Tuesday, August 26, 2014

Peter Barry

Kilkenny v. Tipperary.  Memories of epic hurling matches between the two counties immediately come to mind and never more so as when natives of both rival counties come together.  As a Kilkenny native I will never forget the Liam McCarthy cup days of the 1950s when the Doyles superiority over the Walshes prevailed and Kilkenny men came home from Croke Park more often than not having failed yet again to topple the Tipperary men.  The past decade and a half has seen the rebalancing of the hurling equation, with Kilkenny the victors time and time again.

All of this is by way of an introduction to this week’s piece, written by a man whose bones were fashioned in the Kilkenny hurling county and whose subject is a Tipperary native for whom hurling is a passion.  Peter Barry, the man from Puddingfield, Tipperary, has been the Athy post master for the past five years and is retiring at the end of August on reaching his 60th birthday.  At least you and I know him as the local post master, a title we still cling to after many decades of usage, even though I am told the title changed 15 years ago to branch manager.

Peter, one of the nicest persons one could meet, always cheerful, always ready with a pleasant quip or comment to pass on, first entered the postal service as a junior clerk in 1972.  His first posting was to Drogheda, but he quickly transferred to Athy, arriving here in May 1972.  The post master in those days was Wilf Meredith, who like the bank managers of old lived over the premises.  Isn’t it strange to relate how much the business world has changed over the last few decades with bank closures and bank managers and post masters no longer living on the premises.  Indeed the most extraordinary change in recent times is one’s inability to phone your bank or post office directly as all incoming calls are redirected to central units dealing with a multiplicity of different locations.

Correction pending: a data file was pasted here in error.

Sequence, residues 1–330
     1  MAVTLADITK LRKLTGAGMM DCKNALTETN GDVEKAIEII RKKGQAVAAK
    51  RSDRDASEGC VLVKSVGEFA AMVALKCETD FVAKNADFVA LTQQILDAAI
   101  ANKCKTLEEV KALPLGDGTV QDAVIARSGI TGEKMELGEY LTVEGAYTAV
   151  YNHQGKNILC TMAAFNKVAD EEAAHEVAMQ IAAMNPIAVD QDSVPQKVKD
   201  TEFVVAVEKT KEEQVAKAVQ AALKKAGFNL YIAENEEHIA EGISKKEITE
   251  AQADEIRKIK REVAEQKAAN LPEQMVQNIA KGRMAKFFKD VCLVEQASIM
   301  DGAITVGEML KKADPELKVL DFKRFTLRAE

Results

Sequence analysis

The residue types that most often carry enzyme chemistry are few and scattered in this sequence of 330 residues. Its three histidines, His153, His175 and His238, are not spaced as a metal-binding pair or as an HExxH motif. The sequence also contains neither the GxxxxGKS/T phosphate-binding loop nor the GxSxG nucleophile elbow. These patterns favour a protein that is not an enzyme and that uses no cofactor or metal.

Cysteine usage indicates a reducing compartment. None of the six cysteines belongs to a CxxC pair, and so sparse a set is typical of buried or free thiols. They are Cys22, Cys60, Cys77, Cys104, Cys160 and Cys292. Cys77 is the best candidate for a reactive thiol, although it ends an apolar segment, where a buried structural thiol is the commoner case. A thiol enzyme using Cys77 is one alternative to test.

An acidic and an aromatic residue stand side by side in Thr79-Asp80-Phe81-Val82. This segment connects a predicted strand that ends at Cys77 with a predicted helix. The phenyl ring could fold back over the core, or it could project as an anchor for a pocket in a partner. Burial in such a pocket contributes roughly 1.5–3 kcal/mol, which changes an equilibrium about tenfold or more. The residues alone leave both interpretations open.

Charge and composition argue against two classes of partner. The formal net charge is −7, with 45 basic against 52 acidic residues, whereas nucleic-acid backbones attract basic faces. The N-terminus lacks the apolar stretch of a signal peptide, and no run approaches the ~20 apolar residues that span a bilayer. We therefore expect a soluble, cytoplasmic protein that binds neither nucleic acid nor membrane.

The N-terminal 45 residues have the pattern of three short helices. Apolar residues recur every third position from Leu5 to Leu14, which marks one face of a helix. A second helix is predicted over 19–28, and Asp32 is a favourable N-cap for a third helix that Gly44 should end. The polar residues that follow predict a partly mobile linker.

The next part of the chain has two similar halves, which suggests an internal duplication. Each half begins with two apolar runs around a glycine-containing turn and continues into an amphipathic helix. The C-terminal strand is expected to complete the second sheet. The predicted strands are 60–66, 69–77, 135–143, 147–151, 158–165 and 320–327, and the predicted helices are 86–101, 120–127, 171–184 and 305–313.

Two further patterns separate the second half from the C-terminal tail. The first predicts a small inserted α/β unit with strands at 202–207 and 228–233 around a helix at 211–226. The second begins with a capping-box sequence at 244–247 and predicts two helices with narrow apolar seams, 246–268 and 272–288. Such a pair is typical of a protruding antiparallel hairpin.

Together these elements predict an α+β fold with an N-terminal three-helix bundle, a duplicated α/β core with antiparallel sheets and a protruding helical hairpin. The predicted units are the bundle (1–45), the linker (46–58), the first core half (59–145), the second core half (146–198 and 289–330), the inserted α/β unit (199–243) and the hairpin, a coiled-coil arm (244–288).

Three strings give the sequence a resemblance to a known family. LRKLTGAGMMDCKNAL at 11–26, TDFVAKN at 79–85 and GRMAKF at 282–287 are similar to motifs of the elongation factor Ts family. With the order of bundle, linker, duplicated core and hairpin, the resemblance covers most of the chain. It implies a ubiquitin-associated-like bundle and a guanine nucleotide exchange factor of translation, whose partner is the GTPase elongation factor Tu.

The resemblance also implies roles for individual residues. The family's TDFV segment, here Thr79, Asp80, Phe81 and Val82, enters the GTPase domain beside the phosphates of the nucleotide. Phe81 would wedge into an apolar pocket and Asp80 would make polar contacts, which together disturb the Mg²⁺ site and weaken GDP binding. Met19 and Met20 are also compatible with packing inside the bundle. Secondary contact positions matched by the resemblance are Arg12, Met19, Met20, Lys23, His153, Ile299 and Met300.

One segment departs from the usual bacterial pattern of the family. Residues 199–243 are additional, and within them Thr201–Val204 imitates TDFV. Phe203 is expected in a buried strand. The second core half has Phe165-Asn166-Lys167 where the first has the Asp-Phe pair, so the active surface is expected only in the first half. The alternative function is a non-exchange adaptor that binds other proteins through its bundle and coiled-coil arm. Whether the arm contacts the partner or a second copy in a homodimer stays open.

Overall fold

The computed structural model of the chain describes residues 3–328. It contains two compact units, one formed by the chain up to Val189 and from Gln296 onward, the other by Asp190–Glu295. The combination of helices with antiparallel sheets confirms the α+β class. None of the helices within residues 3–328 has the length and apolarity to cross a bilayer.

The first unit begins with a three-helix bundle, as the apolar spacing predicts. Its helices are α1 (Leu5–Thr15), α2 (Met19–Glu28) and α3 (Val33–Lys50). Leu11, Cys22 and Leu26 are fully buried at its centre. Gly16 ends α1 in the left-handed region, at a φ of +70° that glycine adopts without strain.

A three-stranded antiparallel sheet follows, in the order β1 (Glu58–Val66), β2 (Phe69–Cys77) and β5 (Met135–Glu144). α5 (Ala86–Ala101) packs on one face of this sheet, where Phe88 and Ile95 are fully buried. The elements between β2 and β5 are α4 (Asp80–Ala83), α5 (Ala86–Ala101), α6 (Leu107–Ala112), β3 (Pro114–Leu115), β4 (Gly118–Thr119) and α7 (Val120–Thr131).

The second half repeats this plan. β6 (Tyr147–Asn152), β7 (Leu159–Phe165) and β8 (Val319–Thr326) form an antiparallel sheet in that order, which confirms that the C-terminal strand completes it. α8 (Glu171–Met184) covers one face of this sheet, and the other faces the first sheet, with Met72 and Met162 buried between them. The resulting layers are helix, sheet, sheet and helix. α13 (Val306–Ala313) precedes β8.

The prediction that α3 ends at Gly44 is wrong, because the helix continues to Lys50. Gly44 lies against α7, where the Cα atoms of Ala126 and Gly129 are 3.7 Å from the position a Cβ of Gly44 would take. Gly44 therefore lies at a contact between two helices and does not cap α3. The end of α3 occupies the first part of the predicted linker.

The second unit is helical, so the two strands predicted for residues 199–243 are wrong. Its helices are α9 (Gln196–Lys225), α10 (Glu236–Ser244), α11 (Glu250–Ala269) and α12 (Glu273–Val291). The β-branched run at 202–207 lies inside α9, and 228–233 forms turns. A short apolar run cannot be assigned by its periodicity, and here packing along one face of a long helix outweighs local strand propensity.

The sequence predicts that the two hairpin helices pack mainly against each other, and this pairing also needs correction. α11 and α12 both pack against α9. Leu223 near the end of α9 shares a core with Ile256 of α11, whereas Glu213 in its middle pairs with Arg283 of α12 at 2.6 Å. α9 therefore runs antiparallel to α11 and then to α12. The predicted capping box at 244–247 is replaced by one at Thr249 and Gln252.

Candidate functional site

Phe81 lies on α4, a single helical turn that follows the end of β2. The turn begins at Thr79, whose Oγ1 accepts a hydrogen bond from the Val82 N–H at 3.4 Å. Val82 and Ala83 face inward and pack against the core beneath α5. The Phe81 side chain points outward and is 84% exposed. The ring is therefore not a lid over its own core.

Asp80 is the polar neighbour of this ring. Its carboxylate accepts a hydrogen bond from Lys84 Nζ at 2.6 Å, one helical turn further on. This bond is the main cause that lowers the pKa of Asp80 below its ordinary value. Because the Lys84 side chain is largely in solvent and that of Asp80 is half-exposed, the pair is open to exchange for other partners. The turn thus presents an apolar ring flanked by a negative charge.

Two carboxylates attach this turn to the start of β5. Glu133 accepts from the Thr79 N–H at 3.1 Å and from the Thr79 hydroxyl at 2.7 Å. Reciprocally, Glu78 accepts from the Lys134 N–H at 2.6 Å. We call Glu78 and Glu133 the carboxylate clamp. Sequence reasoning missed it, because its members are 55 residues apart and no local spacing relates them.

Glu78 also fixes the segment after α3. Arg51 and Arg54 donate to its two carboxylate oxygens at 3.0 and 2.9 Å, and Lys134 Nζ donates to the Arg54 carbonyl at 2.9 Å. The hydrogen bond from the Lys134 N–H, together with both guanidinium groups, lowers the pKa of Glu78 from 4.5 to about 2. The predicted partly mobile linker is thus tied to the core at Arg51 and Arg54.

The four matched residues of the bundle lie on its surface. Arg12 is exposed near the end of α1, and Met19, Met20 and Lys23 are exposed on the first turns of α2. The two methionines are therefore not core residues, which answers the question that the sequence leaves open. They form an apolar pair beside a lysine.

The young Peter Barry coming from a Tipperary background became, as one would expect, a member of the local hurling club.  He did so even though, on his own admission, his hurling abilities were not on par with those of John or Jimmy Doyle.  He moved to Wexford in October 1972 and remained there until February of 1975 when he transferred for the last time back to Athy.  During his time in Wexford he met his future wife Maeve and they are the proud parents of four children, Aoife, Adrian, Wayne and Ciara and three grand children, Killian, Alex and Carla.  Back in the south Kildare town Peter served under a number of post masters, or branch managers, including Paddy Begley, Tom Holland, Paddy Harrington and John Neede. 

During the 1970s and 80s Athy Hurling Club was going strong and indeed neighbouring Castledermot had an excellent hurling club which won two senior hurling titles in succession in the late 1980s.  Peter was a playing member of the Athy club and won a place on the Kildare Under 21 county team in 1975.  He had to wait another 14 years to win his first county medal with Athy as a sub on the Intermediate winning team of 1989.  That same year Athy hurling minors reached the county final.